A rare 14th-century Hebrew codex in the collection of the Museum of Fine Arts, Houston (MFAH) will be conserved after a presentation in the forthcoming edition of the TEFAF New York fair (5-10 May). The museum acquired the German artefact, one of the few surviving examples of a Medieval manuscript originating from the Jewish communities of the Rhineland, in 2018 from the London-based dealer Sam Fogg.
Known as the Montefiore Mainz Mahzor, the nearly 300-page illuminated manuscript dates to around 1310-20. It is meticulously painted and includes some missing illustrations that were possibly censored over the years for being deemed idolatrous or aligning with anti-Semitic tropes, as illustrations were often produced by Christian artists alongside Jewish calligraphers. The manuscript is also notable because it was actively used by congregants for centuries during holiday services for Rosh Hashanah and Yom Kippur.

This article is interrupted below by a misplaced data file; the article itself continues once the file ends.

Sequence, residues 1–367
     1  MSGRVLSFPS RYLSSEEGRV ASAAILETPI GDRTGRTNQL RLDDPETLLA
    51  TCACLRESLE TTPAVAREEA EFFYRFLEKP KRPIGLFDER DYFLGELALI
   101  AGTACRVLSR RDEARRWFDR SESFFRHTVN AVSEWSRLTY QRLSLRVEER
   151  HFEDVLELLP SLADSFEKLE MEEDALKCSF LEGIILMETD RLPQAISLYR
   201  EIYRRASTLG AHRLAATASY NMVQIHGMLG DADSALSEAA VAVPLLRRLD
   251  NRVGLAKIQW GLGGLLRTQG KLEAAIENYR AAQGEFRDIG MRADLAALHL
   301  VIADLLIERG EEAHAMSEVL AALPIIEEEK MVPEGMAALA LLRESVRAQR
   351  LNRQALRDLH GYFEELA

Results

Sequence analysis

The acquisition marked the first piece of Judaica to enter the MFAH’s nearly 70,000-piece collection, as part an ongoing curatorial focus on themes related to religion and spirituality called the World Faiths Initiative.
“This generous gift will allow our team of conservators in Houston to restore and preserve this exceptional touchstone of Jewish heritage,” the museum’s director Gary Tinterow said in a statement.
The conservation project has been realised with a €25,000 (around $27,600) grant awarded by The European Fine Art Foundation’s (TEFAF) museum restoration fund, an annual initiative launched in 2012 to support the conservation and research of historical artworks.
The TEFAF fair makes its return to the Park Avenue Armory in May for its first New York edition since the pandemic began. The organisation will award a second grant before its upcoming Maastricht edition, which runs 25-30 June.